Tuesday, March 29, 2011

Difficult Times

We have been dealing with a family emergency for the past week or so, one that will be going on for a long time it seems. I wanted to share with you our experience so far of dealing with a family emergency while caring for someone with dementia.  

At first, the adrenaline rush of dealing with a sudden tragedy made Mom more focused and better able to do things she was not able to do before. For instance, Mom cooked us breakfast on the first morning of the emergency.

Then, the adrenaline rush wore off and Mom became overwhelmed by the magnitude of the situation. She has become severely fatigued and it is even hard to wake her at times. The fatigue and emotional stress has made her at times unable to do anything, even though she wants to care for her loved one who is ill.

For the first few days, Mom went over the facts of the event again and again. She would suddenly become scared that maybe she forgot to give us information she just remembered, but which was really a day or so old. So, for a bit it seemed that her short-term memory was a bit worse, but only as it relates to this one subject. This seems to have lessened as the week has progressed.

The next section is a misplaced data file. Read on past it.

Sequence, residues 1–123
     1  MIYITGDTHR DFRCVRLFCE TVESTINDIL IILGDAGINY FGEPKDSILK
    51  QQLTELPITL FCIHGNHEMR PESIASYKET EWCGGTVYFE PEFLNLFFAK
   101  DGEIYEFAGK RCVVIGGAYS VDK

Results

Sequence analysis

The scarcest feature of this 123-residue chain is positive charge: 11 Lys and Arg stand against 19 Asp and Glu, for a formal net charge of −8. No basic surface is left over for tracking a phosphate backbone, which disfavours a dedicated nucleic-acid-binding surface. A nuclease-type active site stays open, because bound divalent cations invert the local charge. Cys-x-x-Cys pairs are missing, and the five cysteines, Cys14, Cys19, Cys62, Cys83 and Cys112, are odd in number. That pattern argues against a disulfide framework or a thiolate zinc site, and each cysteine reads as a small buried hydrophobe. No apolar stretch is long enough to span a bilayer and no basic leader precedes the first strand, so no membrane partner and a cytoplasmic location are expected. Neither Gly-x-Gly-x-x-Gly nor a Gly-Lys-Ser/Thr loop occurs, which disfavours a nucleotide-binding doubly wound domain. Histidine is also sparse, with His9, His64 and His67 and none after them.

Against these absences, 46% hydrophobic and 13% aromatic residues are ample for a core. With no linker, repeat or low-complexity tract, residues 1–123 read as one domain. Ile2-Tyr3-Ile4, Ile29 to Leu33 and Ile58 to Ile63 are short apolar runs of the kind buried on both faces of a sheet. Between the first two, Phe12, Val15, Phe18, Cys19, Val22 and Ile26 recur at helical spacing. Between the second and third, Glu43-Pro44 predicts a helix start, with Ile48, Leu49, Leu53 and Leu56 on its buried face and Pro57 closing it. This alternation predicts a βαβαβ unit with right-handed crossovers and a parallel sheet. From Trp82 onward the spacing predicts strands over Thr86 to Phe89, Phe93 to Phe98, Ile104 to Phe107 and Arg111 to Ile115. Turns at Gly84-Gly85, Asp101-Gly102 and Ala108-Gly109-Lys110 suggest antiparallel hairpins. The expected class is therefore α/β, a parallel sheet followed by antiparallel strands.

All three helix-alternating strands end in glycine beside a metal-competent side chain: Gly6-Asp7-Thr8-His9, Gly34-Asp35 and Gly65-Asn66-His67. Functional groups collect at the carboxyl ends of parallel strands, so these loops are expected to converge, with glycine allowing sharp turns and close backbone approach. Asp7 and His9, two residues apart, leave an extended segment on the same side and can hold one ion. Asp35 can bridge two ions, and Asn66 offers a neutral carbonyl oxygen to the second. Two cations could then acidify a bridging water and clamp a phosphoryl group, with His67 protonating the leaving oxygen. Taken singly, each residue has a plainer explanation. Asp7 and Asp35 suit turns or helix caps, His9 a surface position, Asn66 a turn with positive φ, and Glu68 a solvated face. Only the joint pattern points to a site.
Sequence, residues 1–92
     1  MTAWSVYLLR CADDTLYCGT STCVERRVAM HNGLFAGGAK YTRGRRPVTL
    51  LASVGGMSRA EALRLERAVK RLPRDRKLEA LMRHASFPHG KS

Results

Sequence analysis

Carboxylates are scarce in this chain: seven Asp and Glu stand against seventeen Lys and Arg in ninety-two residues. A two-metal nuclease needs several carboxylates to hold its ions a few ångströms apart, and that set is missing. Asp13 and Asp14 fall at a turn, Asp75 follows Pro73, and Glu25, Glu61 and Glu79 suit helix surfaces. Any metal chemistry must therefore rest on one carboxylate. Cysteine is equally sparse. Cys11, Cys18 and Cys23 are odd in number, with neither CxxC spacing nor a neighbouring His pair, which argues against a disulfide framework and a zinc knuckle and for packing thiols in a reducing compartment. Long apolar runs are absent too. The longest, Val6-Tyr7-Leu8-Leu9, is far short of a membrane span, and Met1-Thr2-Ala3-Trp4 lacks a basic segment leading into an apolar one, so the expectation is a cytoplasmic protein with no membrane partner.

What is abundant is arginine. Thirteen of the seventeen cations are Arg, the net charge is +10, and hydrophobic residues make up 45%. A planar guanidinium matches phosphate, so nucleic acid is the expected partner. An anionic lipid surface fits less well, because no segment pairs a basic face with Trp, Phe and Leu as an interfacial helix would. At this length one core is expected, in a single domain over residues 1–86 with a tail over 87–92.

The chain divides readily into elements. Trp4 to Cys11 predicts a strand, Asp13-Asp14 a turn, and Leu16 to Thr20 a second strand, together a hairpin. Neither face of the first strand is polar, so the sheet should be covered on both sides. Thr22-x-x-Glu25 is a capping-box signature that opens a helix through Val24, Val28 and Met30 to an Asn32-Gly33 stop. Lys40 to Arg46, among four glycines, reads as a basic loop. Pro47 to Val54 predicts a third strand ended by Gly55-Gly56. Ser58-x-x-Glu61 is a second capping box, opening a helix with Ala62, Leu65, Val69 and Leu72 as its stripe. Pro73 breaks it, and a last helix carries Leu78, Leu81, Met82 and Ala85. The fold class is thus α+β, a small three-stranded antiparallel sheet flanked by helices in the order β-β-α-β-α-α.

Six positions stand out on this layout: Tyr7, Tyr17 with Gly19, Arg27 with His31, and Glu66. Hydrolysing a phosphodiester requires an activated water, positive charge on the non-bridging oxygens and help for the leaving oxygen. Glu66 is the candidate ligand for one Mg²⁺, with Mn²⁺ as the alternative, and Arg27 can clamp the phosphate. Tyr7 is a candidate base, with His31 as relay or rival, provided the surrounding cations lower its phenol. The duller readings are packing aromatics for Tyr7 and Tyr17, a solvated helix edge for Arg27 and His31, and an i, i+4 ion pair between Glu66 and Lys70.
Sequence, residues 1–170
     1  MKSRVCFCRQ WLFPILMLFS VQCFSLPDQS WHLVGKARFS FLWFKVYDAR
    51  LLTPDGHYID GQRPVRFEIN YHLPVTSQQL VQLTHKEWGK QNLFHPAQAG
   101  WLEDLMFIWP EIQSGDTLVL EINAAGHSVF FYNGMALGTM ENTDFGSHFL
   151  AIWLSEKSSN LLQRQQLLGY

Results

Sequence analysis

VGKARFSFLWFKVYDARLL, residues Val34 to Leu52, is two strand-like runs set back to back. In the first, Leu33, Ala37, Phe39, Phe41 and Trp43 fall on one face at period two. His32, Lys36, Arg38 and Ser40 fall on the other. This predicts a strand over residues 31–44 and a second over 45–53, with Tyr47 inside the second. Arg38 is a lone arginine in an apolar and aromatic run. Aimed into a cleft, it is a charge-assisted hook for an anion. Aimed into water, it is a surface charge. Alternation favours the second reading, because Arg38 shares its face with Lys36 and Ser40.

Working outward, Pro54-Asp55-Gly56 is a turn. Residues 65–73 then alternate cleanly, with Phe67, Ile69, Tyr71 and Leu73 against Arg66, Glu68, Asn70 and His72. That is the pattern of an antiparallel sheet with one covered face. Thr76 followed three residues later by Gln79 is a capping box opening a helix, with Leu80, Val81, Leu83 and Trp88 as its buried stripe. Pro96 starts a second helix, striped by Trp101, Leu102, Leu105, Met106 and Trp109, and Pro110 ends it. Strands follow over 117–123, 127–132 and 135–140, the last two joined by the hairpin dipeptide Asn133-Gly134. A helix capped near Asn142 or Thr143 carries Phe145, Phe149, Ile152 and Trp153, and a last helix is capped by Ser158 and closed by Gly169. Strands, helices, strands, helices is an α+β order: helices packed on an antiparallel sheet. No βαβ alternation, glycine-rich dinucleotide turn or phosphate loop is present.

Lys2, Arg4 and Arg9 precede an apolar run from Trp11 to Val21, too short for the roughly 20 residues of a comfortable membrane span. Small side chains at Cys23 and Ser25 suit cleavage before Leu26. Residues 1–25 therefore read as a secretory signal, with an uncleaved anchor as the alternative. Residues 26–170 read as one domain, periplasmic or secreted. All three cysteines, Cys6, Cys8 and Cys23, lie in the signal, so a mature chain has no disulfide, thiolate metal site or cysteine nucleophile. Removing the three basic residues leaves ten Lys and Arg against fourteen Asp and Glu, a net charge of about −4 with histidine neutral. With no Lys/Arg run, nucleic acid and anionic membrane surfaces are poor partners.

We have needed to increase our care of Mom. We are usually able to leave Mom on her own, but one day she was so shaky we felt she was at too much risk of falling to leave her on her own.

It is very important to let Mom care for her loved one as much as she can each day, but we realize that means she is not functional the rest of the time. We just have to make sure she eats regularly and gets back to some of her routine activities, like swimming with her friend in the morning.

As a caregiver, situations like this might make you more stressed than before. At least it does for me, and it seems like everyone in the house is a bit worn out right now. We want to care for Mom as well as our other family member and their family. So, if you are in a similar situation, remember to talk to friends, cut back a bit on work responsibilities if you can, and ask for help with caring for your loved one with dementia if you want to get out on your own for a bit. 


Rev. Katie

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